Uninsured Motorist Coverage (UM/UIM)

This type of auto insurance covers you if you are involved in a car accident with a driver who is either uninsured or covered by only a small amount of insurance. The State of Nevada does not require that drivers purchase Uninsured Motorist Coverage, but considering the fact that 10.6 percent of Nevada drivers are uninsured, it would be a wise investment for yourself and your wallet. Nevada Insurance laws require that insurance companies offer UM/UIM coverage at a level no less than $25,000 per claim and $50,000 per accident.

Medical Payments Coverage (MedPay)

Medical Payments Coverage — known in Nevada as “Medpay” for short — is an optional coverage that covers reasonable and necessary medical bills and funeral expenses, up to policy limits, resulting from a motor vehicle accident. The coverage applies regardless of who is at fault and applies even if an insured or his resident family member is in the insured vehicle or hit by another vehicle. Generally, the coverage applies to the insured, the insured’s family and passengers in the insured driver’s vehicle.

Usage Based Insurance

As noted above, with the increase in coverage limits, premiums have now increased. To help lower premiums, consumers may want to consider purchasing Usage Based Insurance (UBI). UBI can help save money for those who use public transportation or ride-sharing or who simply don’t drive much. The National Association of Insurance Commissioners has launched a new tool called DriveCheck to help consumers determine if UBI may fit their driving habits. The DriveCheck website will take you through a few quick questions about driving habits while providing more information about how UBI works. At the end of your visit on its site, DriveCheck will provide you with an assessment of whether you will benefit from UBI.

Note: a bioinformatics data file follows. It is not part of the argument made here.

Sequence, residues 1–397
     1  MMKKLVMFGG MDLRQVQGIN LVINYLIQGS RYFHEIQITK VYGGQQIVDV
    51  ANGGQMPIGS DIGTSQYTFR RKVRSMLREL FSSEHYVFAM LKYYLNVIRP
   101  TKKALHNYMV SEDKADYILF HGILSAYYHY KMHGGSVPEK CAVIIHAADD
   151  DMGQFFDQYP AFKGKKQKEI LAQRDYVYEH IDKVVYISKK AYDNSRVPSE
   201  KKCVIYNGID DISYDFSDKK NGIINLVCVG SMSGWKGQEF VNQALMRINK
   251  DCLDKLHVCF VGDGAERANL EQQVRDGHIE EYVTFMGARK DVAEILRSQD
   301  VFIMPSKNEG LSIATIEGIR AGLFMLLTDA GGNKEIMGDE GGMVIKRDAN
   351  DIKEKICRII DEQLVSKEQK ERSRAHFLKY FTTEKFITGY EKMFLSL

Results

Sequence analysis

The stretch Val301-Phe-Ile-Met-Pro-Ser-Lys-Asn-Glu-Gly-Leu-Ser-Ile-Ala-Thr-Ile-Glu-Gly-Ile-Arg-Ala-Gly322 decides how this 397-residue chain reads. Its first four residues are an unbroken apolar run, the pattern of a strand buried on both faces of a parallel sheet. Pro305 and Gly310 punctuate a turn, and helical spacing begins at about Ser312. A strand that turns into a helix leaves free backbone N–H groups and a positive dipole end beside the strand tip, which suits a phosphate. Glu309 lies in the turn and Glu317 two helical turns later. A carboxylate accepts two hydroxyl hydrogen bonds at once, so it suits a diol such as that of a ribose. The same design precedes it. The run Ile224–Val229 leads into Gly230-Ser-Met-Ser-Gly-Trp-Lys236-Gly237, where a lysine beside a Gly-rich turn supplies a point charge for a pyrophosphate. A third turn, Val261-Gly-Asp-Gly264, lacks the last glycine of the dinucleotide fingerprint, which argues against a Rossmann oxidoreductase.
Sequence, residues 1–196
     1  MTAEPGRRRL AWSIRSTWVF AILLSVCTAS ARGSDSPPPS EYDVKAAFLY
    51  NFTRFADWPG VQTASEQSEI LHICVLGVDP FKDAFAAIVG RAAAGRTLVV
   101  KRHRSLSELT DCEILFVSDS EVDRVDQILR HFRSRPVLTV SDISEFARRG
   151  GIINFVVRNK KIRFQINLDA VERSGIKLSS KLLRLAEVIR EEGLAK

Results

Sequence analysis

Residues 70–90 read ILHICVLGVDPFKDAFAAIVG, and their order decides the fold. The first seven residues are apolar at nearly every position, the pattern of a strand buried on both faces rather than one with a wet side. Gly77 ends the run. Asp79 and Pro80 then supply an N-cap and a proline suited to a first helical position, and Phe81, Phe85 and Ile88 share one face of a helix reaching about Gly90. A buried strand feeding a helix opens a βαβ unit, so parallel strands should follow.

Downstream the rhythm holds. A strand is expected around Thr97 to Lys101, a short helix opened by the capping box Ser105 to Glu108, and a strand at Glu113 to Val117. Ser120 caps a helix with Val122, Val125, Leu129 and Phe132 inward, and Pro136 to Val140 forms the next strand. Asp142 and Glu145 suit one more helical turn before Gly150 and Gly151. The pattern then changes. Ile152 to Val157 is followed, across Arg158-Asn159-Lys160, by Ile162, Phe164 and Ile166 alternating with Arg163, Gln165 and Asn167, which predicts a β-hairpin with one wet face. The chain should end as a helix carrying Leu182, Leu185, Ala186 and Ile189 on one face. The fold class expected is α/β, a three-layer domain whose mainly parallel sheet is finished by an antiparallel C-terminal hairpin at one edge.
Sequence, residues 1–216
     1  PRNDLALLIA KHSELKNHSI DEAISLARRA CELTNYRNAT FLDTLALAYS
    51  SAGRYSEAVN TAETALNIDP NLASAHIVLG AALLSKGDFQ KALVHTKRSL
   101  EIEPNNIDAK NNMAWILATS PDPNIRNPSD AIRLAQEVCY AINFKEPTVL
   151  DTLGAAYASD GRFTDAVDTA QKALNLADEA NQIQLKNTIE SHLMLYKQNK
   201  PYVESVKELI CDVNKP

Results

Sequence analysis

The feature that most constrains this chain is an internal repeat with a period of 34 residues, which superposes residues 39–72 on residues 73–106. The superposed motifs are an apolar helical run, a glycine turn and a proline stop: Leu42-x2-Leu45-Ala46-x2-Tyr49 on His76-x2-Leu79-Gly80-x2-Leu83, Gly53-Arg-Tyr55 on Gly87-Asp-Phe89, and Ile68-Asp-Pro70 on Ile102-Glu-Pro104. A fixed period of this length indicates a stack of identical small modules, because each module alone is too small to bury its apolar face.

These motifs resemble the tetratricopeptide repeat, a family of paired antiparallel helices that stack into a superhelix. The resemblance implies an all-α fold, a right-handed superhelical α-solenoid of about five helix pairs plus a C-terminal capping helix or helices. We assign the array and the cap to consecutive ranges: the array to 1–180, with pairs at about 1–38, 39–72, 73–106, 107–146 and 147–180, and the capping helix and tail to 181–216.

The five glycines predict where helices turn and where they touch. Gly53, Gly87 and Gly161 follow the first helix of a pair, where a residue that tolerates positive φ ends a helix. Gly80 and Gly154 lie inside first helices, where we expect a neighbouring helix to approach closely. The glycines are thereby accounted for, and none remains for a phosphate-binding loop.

If you are involved in a car accident with an uninsured driver and receive physical injuries, this type of coverage makes sure you have the means to pay for medical bills. Considering how stressful car accidents are, uninsured motorist coverage could be the difference between getting the health care you need and living with chronic pain.

In the short term, while going uninsured may be tempting, the truth is that skipping out on car insurance is never a good idea. While it may seem nice to pocket a little more money each month, you could cost yourself a fortune in the long term.

Even a small fender bender can have disastrous financial consequences for any driver, but especially for the uninsured. If you’re thinking about investing in car insurance, make sure to do your research to find the best prices and the best coverage. If you are not able to afford comprehensive, collision, or uninsured motorist insurance, at the very least make sure you are meeting Nevada’s minimum insurance requirements to protect yourself from fines and fees.

Personal Injury Lawyers in Las Vegas

If you were involved in a car accident with an uninsured driver, contact a personal injury lawyer at Shook & Stone. With over 85 years of combined legal experience, Shook & Stone’s personal injury lawyers in Las Vegas have the expertise to help you get the compensation you deserve. Contact us today for a free initial case evaluation or call us at 702-570-0000.